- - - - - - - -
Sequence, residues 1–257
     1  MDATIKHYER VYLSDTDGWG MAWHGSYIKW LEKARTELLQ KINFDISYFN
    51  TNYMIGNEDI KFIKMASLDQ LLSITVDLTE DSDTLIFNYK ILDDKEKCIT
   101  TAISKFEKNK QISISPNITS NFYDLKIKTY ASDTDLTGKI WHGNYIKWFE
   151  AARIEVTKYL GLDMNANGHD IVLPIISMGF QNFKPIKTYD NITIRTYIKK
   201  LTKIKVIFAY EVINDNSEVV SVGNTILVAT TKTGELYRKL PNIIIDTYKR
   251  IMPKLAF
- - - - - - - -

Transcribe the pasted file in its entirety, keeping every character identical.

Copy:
Sequence, residues 1–257
     1  MDATIKHYER VYLSDTDGWG MAWHGSYIKW LEKARTELLQ KINFDISYFN
    51  TNYMIGNEDI KFIKMASLDQ LLSITVDLTE DSDTLIFNYK ILDDKEKCIT
   101  TAISKFEKNK QISISPNITS NFYDLKIKTY ASDTDLTGKI WHGNYIKWFE
   151  AARIEVTKYL GLDMNANGHD IVLPIISMGF QNFKPIKTYD NITIRTYIKK
   201  LTKIKVIFAY EVINDNSEVV SVGNTILVAT TKTGELYRKL PNIIIDTYKR
   251  IMPKLAF